I was a kid when Bobby Darin hit the big time. I thought this collection would probably be Ok, mostly nostalgic but nothing to get worked up about. Was I wrong! Darin is absolutely terrific on this four CD set. I wish now I had seen him in a night club show in the era he was doing them. It must have been an incredible experience. Darin had a bad heart due to bouts of rheumatic fever as a child and figured he had to get all of his artistry out with great intensity and speed. Everything he sings packs a wallop as a result, regardless of theme or style. He had incredible range, covering just about every style of singing which then existed. Sadly, he was right about his lifeline. His heart killed him at age 37. In many songs, I thought I was listening to Sinatra when Darin was doing his style, which is quite a compliment because I am rarely fooled when it comes to Frank's singing. It's hard for me to imagine how anyone could go wrong on this set. Darin sings it all spectacularly and he sounds like he recorded it today. It is that fresh sounding.
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on May 20, 1999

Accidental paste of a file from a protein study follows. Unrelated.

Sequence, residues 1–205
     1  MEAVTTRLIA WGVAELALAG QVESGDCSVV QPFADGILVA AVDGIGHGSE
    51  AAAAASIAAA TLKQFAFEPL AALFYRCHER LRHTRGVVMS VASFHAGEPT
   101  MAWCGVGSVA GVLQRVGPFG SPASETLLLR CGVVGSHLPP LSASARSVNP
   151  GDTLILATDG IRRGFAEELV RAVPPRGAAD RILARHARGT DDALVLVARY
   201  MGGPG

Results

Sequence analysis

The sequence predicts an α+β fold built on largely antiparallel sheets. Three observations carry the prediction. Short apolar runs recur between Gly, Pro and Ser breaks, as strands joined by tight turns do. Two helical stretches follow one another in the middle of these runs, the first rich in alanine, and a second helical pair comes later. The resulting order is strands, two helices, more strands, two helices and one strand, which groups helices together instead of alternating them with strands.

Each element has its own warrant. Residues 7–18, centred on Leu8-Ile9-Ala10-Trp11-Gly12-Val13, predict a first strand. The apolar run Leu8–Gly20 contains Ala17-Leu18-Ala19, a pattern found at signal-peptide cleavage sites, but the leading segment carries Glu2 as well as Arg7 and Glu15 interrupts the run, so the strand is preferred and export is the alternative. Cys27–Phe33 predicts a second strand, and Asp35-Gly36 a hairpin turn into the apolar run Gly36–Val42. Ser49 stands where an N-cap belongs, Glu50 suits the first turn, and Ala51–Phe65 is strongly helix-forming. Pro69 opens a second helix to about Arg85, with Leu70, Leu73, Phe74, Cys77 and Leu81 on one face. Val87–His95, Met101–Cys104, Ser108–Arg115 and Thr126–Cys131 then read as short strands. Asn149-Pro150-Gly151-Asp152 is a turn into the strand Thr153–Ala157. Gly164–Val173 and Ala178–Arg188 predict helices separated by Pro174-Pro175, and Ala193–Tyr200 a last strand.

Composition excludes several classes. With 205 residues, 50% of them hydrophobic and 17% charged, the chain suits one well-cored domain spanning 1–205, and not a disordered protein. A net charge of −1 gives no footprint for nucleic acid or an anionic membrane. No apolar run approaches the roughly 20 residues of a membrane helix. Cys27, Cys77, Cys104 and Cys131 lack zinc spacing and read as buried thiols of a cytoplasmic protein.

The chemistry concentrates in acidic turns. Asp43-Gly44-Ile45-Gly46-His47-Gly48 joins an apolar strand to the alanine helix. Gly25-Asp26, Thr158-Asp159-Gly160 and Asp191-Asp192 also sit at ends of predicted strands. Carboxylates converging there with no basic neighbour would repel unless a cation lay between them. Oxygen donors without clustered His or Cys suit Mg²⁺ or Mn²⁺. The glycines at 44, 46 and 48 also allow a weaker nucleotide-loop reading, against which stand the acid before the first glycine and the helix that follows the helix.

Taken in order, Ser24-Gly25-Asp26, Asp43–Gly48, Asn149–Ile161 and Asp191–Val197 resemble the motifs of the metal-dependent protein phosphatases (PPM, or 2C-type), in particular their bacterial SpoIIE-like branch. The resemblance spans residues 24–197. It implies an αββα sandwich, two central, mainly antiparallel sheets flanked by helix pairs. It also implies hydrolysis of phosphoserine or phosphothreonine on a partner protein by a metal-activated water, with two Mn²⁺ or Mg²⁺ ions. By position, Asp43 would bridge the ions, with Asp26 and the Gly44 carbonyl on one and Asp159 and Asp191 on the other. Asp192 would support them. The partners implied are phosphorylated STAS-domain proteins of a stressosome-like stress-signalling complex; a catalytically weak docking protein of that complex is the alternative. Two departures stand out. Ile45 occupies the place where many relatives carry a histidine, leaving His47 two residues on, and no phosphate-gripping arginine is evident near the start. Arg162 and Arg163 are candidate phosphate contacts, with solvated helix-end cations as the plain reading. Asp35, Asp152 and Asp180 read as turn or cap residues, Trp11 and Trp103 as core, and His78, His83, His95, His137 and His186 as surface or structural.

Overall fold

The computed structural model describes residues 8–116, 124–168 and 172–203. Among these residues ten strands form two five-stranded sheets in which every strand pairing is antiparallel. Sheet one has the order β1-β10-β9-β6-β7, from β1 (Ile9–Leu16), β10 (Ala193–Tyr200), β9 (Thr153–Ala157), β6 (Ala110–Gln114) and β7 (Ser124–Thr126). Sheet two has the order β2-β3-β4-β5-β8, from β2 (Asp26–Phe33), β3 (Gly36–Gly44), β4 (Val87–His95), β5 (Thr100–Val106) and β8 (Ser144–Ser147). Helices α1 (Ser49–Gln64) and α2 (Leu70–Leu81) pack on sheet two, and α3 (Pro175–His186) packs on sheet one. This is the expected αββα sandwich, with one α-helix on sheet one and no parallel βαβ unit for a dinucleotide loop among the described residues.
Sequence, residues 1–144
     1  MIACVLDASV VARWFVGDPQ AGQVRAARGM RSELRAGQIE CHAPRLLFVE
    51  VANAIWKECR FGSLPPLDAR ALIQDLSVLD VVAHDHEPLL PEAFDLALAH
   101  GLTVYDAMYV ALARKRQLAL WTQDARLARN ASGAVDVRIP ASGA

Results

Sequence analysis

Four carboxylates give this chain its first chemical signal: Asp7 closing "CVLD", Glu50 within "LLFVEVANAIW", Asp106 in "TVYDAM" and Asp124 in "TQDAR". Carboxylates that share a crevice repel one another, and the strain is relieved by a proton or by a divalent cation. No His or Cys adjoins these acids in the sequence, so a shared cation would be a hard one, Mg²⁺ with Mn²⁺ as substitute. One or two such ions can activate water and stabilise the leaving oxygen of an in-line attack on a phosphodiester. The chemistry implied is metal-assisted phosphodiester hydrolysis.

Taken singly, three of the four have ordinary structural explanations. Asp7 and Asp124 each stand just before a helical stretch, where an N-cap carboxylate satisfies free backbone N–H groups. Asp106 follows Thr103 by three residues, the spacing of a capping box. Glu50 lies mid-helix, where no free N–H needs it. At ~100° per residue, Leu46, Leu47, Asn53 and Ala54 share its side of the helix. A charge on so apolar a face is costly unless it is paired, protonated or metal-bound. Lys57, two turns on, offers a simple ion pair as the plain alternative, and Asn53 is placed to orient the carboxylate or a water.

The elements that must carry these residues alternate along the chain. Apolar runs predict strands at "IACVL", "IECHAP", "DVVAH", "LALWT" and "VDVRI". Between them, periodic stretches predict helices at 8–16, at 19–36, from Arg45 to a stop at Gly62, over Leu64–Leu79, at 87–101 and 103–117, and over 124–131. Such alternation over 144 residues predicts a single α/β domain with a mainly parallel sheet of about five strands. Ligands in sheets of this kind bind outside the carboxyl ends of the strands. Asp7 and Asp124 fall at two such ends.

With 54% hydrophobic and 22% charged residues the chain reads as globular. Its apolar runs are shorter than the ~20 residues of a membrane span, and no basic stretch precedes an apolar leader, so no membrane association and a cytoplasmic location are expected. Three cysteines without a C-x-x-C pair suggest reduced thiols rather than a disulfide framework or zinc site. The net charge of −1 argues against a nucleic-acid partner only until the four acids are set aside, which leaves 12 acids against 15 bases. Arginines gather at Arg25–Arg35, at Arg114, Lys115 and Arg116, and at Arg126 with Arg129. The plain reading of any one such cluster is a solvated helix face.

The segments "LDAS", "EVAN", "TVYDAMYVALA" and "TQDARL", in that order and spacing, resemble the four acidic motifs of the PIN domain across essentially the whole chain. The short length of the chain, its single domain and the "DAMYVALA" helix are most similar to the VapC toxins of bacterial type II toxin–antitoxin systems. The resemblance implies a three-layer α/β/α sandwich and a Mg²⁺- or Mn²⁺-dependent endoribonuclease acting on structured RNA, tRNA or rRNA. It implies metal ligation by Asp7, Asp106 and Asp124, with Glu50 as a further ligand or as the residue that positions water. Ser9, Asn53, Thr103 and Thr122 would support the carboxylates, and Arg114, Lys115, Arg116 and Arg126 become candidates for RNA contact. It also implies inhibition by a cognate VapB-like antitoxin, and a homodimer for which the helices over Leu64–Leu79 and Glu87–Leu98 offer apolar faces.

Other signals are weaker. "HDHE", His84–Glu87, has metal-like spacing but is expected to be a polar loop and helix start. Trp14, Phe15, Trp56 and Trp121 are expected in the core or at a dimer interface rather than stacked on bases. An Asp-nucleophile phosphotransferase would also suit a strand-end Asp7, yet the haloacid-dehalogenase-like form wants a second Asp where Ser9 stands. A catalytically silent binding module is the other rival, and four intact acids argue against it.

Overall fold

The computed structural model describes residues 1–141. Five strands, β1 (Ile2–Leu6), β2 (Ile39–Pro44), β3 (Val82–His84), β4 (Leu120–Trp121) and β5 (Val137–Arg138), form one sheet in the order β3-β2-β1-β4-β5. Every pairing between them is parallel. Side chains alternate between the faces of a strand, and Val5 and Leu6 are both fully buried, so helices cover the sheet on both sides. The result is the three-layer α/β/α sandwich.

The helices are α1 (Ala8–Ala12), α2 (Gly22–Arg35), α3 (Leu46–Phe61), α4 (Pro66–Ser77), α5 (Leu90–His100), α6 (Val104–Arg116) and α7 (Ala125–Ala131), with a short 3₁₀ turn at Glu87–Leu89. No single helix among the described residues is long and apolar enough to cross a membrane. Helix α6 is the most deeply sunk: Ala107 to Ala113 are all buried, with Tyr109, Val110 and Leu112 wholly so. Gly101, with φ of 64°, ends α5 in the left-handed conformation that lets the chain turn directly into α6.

Often dismissed as either a "teen idol" in the mold of Frankie Avalon, who, it is charged, brought about the temporary decline of rock and roll, or an opportunist simply eager to cash in on the current fad, the late Bobby Darin was, in fact, a genius, an observation once made by no less a light than Neil Young. The former Walden Robert Cossatto was a man of almost unlimited talent and a true trailblazer who refused to be boxed in by anyone's expectations, be it those of the critics or the audience. As an actor, he more than held his own opposite Sidney Poitier in the excellent "Pressure Point," then stole "Captain Newman M.D" from co-stars Gregory Peck and Tony Curtis, earning an Oscar nomination in the process. It was in music where his talent really shone, of course, and this boxed set provides a very good overview of this remarkably versatile performer's recorded output. Whether singing one of his own excellent compositions ("Dream Lover," "Simple Song of Freedom"), or delving into the songbooks of others ("Mack the Knife," Tim Hardin's "If I Were a Carpenter"), Darin was an artist of the first rank, able to tackle any genre or style with an ease and brilliance that few other artists (if any) could match. He was, very simply, one of the 20th century's greatest performers.